Given enough GPUs, distributed machine learning systems (such as the one Facebook has published earlier this week) excel in recognizing and labeling images. These systems can quickly and accurately determine whether a dog is in the image, but struggle to answer relational questions.
For example, a computer vision software cannot determine whether the dog in the picture is bigger than the ball it is playing with or the couch it is sitting on.
Such relational intelligence separates artificial intelligence systems with human cognition. While humans can reason about physical relationship between objects, computers have yet to make that connection until now.
DeepMind, the creators of AlphaGo, quietly published two groundbreaking research papers into this area, demonstrating a way to train relational reasoning using deep neural networks.
The team at DeepMind created a new module called Relational Network (RN) to train the system with spatial relationships. This module can be plugged into an existing neural network system and can help the system reason about text and image inputs.
The RN module takes in segmented images (pixels mapped to objects such as sphere, cube, etc) and establishes relationships of all possible permutations. For example, for a setup including a cylinder, cube, and sphere, the RN module will compare the size (amongst other distinguishing characteristics of the objects) for each object to establish a relationship for all the pairs.
When tested on the CLEVR dataset (a benchmark for determining an AI system’s ability to reason about visual data), RN-augmented networks fared better than humans at 95.5% accuracy.
For comparison, previous state-of-the-art systems fell short at 68.5%, and humans achieved 92.5%. DeepMind’s system could answer the following question: “There is a tiny rubber thing that is the same color as the large cylinder; what shape is it?”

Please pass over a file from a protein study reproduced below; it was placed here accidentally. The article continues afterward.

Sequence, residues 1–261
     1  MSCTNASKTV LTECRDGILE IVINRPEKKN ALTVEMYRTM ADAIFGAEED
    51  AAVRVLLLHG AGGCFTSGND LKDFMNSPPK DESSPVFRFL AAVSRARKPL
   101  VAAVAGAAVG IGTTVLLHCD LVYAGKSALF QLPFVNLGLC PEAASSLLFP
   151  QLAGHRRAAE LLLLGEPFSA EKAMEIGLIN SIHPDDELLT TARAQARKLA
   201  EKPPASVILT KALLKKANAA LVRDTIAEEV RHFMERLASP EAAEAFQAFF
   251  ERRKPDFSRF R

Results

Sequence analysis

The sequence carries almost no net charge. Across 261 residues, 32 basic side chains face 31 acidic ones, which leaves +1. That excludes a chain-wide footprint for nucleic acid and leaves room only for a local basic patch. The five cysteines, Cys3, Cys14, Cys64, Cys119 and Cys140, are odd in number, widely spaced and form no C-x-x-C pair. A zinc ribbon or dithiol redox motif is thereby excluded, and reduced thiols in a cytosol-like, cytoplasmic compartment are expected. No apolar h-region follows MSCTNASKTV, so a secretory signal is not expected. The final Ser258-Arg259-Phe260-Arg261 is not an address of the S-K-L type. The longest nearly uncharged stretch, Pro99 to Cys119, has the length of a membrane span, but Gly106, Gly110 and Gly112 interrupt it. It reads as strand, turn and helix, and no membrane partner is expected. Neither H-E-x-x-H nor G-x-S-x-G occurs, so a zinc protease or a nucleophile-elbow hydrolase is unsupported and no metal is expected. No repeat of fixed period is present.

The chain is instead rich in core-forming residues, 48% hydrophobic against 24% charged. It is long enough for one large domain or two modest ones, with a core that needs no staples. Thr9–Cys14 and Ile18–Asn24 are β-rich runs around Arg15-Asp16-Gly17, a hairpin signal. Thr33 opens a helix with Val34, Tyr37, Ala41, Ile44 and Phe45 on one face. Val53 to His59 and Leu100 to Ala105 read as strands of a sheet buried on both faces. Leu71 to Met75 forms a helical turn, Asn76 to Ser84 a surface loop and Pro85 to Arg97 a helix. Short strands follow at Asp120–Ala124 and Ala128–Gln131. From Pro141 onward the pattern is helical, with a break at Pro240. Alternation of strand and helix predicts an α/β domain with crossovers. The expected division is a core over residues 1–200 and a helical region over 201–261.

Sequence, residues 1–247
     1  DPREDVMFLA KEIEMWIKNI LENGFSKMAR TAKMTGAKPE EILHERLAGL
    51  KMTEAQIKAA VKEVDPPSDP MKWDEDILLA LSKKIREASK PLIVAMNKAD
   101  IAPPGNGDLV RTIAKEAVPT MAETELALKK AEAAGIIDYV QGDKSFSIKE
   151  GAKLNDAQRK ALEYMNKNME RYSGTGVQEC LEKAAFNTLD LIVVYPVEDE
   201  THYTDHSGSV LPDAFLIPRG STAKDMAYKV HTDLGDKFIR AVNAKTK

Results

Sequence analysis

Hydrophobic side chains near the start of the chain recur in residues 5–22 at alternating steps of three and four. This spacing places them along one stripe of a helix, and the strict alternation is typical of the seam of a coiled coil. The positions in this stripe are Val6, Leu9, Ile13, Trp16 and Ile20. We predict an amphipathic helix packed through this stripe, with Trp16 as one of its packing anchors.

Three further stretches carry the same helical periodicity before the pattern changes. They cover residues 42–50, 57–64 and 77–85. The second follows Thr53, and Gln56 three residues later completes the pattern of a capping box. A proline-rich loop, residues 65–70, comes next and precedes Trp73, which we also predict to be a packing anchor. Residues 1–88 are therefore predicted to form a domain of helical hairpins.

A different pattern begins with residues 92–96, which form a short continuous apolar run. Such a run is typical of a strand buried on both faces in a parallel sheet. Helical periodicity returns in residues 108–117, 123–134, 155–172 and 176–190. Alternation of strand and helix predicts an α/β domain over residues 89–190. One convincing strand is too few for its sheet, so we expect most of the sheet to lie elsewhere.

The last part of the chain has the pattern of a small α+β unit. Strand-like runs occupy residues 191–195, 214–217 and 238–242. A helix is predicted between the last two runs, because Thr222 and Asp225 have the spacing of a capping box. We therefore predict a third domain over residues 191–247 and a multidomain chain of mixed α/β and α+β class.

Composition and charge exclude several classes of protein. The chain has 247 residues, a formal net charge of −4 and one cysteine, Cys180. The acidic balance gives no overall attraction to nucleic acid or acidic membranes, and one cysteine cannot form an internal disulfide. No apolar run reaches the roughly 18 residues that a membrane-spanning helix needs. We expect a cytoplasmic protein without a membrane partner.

RN module also showed promising results for language-based tasks. DeepMind’s system scored more than 95% on 18 of the 20 bAbl tests (a text equivalent of the CLEVR test), demonstrating its ability to reason about contextual relationships.
For example, it could answer the following question: “Sandra picked up the football. Sandra went to the office. Where is the football?” This result shows that RN module can be a plug-in extension for many neural networks to augment the system’s understanding of relational data.
Another task that separates human cognition with computer systems is our ability to predict the near future based on our understanding of the physical relationships.
In simple terms, we can make a reasonable prediction of the future when we throw a football such as where it will go, what would happen it were to hit a wall, and how the two objects would be affected. We can reason about these physical interactions from our understanding of the physical phenomenons.
DeepMind’s paper on Visual Interaction Network (VIN) attempts to train computers on the physics of objects and their relationships based on their position and time.
Note that this is different than generative approaches to “imagining” future events as shown by Okwechime and Bowden. Rather, VIN takes in the states of the objects and predicts their positions in the future using its learned system of physical rules.
This approach more closely resembles and mimics how humans would reason about these phenomenon.
DeepMind’s tests included bouncing billiards, objects connected by springs, and planetary systems with gravitational forces. VIN not only showed remarkable accuracy in predicting object location in the future, but also outperformed other models where relational reasoning was absent.
While spring and gravitational systems are well understood by humans, the real potential here is to use AI to model unfamiliar and less-studied systems to predict future events.
Both of these papers show progress towards generalized AI. Given relational knowledge, computers can start to formulate relationships between disparate entities and reason about how that relationship can affect their state.
DeepMind’s modular and scalable approach to emulate human intelligence lays foundational work to build more sophisticated models that can not only outperform humans in specific tasks (e.g. beat a game, transcribe text, label images), but also reason about the correlation between a conglomeration of systems and objects.